5 things to know before the stock market opens Thursday, Nov. 11

5 things to know before the stock market opens Thursday, Nov. 11

Here are the most important news, trends and analysis that investors need to start their trading day:

1. Wall Street looks higher, one day after inflation-driven selling

A trader works on the floor of the New York Stock Exchange (NYSE) on November 05, 2021 in New York City.

Spencer Platt | Getty Images

Dow futures bounced Thursday despite the premarket drop in Dow stock Disney on disappointing quarterly results. Wall Street sank Wednesday after October’s consumer price index showed the biggest annual jump in more than 30 years, triggering a spike in the 10-year Treasury yield to 1.57%. U.S. bond trading is closed Thursday for Veterans Day. The Dow Jones Industrial Average and the S&P 500 on Wednesday lost less than 1%. In a tech-led sell-off, the Nasdaq fared much worse, losing 1.7%. All three stock benchmarks recently logged a flurry of record closes, the latest were on Monday. Bitcoin hit another all-time high Wednesday, near $69,000, before pairing its gains. On Thursday, it was down but trading above $65,000.

2. Disney missed numbers across the board, streaming growth slowed

In this photo illustration a close-up of a hand holding a TV remote control seen displayed in front of the Disney+ logo.

Thiago Prudencio | SOPA Images | LightRocket | Getty Images

Shares of Disney dropped 5% in Thursday’s premarket, the morning after the entertainment giant reported adjusted earnings of 37 cents per share on $18.53 billion in revenue in its fiscal fourth quarter. Both measures were short of expectations. Wall Street was more bullish than Disney heading into earnings, expecting 125.4 million total Disney+ subscribers at the end of the fourth quarter. The company fell short, adding 2.1 million Disney+ subscribers for total of 118.1 million. Overall, Disney reported 179 million subscriptions across Disney+, ESPN+ and Hulu at the end of the fourth quarter. That’s 50% higher than last year.

3. Elon Musk sells around $5 billion of Tesla stock, shares pop

Elon Musk sold nearly $5 billion in Tesla stock, according to financial filings out Wednesday evening. The Tesla CEO still holds more than 166 million shares. Musk sold these shares in part to satisfy tax obligations related to an exercise of stock options.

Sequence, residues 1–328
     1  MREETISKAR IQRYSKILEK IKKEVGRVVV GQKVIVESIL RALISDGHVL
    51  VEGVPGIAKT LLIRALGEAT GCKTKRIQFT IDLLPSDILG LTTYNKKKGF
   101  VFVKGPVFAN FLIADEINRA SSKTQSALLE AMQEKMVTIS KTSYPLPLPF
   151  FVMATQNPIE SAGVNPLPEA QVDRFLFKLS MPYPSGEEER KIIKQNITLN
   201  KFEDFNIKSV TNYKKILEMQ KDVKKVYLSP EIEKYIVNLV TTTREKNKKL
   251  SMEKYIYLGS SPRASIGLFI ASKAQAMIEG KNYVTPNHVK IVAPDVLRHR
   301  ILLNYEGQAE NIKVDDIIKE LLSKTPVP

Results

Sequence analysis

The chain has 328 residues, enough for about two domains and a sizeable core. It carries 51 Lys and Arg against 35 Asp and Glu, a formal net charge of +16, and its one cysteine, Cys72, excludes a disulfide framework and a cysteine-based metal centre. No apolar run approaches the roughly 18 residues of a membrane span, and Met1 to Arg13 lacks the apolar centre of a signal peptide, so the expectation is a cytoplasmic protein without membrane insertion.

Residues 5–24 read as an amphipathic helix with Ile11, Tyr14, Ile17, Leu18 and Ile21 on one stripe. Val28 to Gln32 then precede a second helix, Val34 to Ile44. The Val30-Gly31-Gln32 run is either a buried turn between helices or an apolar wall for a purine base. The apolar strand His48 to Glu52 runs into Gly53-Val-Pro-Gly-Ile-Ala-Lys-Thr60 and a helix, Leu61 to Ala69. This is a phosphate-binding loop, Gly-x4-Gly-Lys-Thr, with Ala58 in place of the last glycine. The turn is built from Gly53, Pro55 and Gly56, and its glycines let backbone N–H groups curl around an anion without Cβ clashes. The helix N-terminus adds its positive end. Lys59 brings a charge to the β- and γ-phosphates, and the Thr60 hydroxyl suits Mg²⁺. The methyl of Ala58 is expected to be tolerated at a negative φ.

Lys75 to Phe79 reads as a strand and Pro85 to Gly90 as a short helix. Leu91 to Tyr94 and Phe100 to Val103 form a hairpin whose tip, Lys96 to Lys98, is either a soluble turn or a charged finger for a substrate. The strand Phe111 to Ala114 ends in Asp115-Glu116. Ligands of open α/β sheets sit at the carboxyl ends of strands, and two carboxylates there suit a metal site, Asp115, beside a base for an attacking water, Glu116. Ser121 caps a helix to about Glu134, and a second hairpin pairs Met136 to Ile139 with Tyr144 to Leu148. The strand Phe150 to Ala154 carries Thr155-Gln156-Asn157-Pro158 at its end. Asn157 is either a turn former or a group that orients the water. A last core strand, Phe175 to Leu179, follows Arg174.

Before the plan was made public, Musk asked his 62.5 million Twitter followers whether he should sell. Following Saturday’s Twitter poll, Tesla saw a two-session slump of more than 15%, before rebounding over 4% on Wednesday. Tesla was up about 2% in premarket trading.

4. Rivian’s premarket gains give EV marker bigger market cap than GM

A Rivian R1T electric pickup truck during the company’s IPO outside the Nasdaq MarketSite in New York, on Wednesday, Nov. 10, 2021.

Bing Guan | Bloomberg | Getty Images

Rivian Automotive shares rose another 6.5% in Thursday’s premarket, one day after debuting up 29%, giving the Amazon- and Ford-backed electric vehicle start-up a market valuation of $86 billion after one of the biggest IPOs this year. Rivian’s market value is higher than Ford’s — and if the premarket gains were to hold, it would be bigger than General Motors, too. However, Rivian is still worth a fraction of EV pioneer Tesla, which has a market cap of more than $1 trillion. Amazon’s 20% stake in Rivian is now worth about $17 billion, and Ford’s 12% stake is valued at more than $10 billion.

5. Affirm soars after beating on revenue, expanding Amazon deal

Shares of Affirm jumped nearly 25% in Thursday’s premarket, the morning after the digital “buy now, pay later” company beat expectations with fiscal first-quarter revenue. It also announced an expansion of its partnership with Amazon. As part of the new agreement with Amazon, Affirm will serve as the sole third-party buy now, pay later option for the e-commerce giant in the U.S. Amazon will also integrate Affirm into its digital wallet in the U.S. However, credit card companies will still be able to offer buy now, pay later options on Amazon in the future.

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Original news source Credit: www.cnbc.com



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